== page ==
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mSphere. 2019 Jan 23;4(1). pii: e00554-18. doi: 10.1128/mSphere.00554-18.

Wood-Derived Dietary Fibers Promote Beneficial Human Gut Microbiota.

Author information

1
Faculty of Chemistry, Biotechnology and Food Science, Norwegian University of Life Sciences, Aas, Norway.
2
Department of Food and Nutritional Sciences, University of Reading, Reading, United Kingdom.
3
Department of Microbiology and Immunology, University of Michigan, Ann Arbor, Michigan, USA.
4
Faculty of Chemistry, Biotechnology and Food Science, Norwegian University of Life Sciences, Aas, Norway bjorge.westereng@nmbu.no.

Abstract

Woody biomass is a sustainable and virtually unlimited source of hemicellulosic polysaccharides. The predominant hemicelluloses in softwood and hardwood are galactoglucomannan (GGM) and arabinoglucuronoxylan (AGX), respectively. Based on the structure similarity with common dietary fibers, GGM and AGX may be postulated to have prebiotic properties, conferring a health benefit on the host through specific modulation of the gut microbiota. In this study, we evaluated the prebiotic potential of acetylated GGM (AcGGM) and highly acetylated AGX (AcAGX) obtained from Norwegian lignocellulosic feedstocks in vitro In pure culture, both substrates selectively promoted the growth of Bifidobacterium, Lactobacillus, and Bacteroides species in a manner consistent with the presence of genetic loci for the utilization of β-manno-oligosaccharides/β-mannans and xylo-oligosaccharides/xylans. The prebiotic potential of AcGGM and AcAGX was further assessed in a pH-controlled batch culture fermentation system inoculated with healthy adult human feces. Results were compared with those obtained with a commercial fructo-oligosaccharide (FOS) mixture. Similarly to FOS, both substrates significantly increased (P < 0.05) the Bifidobacterium population. Other bacterial groups enumerated were unaffected with the exception of an increase in the growth of members of the Bacteroides-Prevotella group, Faecalibacterium prausnitzii, and clostridial cluster IX (P < 0.05). Compared to the other substrates, AcGGM promoted butyrogenic fermentation whereas AcAGX was more propiogenic. Although further in vivo confirmation is necessary, these results demonstrate that both AcGGM and AcAGX from lignocellulosic feedstocks can be used to direct the promotion of beneficial bacteria, thus exhibiting a promising prebiotic ability to improve or restore gut health.IMPORTANCE The architecture of the gut bacterial ecosystem has a profound effect on the physiology and well-being of the host. Modulation of the gut microbiota and the intestinal microenvironment via administration of prebiotics represents a valuable strategy to promote host health. This work provides insights into the ability of two novel wood-derived preparations, AcGGM and AcAGX, to influence human gut microbiota composition and activity. These compounds were selectively fermented by commensal bacteria such as Bifidobacterium, Bacteroides-Prevotella, F. prausnitzii, and clostridial cluster IX spp. This promoted the microbial synthesis of acetate, propionate, and butyrate, which are beneficial to the microbial ecosystem and host colonic epithelial cells. Thus, our results demonstrate potential prebiotic properties for both AcGGM and AcAGX from lignocellulosic feedstocks. These findings represent pivotal requirements for rationally designing intervention strategies based on the dietary supplementation of AcGGM and AcAGX to improve or restore gut health.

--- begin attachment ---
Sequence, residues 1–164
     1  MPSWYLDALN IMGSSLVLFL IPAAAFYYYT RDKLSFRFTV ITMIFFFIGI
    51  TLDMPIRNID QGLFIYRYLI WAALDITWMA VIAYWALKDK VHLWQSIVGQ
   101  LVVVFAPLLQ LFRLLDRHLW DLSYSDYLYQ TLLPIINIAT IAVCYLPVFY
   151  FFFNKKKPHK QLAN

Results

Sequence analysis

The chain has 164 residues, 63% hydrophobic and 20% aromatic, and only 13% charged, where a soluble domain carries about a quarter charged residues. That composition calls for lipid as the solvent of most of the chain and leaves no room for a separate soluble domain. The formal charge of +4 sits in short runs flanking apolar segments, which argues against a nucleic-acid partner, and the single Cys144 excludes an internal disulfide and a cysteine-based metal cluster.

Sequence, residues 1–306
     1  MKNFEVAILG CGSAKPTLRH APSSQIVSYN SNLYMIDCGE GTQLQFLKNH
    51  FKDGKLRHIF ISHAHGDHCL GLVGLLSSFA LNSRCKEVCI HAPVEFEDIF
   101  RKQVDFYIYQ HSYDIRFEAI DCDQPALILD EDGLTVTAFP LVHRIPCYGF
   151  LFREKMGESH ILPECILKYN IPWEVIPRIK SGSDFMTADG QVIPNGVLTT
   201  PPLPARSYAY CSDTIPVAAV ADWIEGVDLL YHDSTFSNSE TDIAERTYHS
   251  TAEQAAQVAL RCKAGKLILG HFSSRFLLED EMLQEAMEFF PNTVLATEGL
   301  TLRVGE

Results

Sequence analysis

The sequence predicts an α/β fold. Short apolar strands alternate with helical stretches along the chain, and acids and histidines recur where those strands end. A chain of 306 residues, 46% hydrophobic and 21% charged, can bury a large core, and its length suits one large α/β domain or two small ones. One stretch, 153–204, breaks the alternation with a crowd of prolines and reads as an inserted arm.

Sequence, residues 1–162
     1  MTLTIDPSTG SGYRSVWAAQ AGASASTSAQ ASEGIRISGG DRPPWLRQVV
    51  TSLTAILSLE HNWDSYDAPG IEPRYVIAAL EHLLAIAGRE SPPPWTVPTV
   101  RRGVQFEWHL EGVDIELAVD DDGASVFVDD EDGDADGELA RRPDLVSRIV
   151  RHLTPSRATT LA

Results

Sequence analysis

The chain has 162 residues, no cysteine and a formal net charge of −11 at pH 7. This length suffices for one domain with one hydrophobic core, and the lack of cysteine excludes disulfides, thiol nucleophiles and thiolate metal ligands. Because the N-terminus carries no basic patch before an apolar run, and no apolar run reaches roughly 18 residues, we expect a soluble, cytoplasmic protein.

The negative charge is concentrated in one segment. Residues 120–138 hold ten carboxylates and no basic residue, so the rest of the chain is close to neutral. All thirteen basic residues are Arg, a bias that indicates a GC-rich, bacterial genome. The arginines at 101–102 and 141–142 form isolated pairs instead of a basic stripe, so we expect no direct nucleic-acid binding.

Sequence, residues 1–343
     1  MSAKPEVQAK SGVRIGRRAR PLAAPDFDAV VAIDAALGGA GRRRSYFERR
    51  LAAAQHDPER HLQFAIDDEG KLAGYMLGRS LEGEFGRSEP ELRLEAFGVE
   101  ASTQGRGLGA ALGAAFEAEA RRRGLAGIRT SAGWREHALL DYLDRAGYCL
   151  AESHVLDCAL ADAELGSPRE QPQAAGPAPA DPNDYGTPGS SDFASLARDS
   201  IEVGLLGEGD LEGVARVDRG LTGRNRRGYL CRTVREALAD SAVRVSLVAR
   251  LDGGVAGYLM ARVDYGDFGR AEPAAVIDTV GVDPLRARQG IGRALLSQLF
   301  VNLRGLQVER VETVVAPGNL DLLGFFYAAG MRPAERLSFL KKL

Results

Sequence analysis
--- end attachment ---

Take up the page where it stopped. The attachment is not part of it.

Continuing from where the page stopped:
KEYWORDS:

carbohydrate-active enzymes; dietary fibers; gut microbiota; hemicellulose; in vitro fecal fermentation; prebiotics; short-chain fatty acids

PMID:
30674645
PMCID:
PMC6344601
DOI:
10.1128/mSphere.00554-18
[Indexed for MEDLINE]
Free PMC Article

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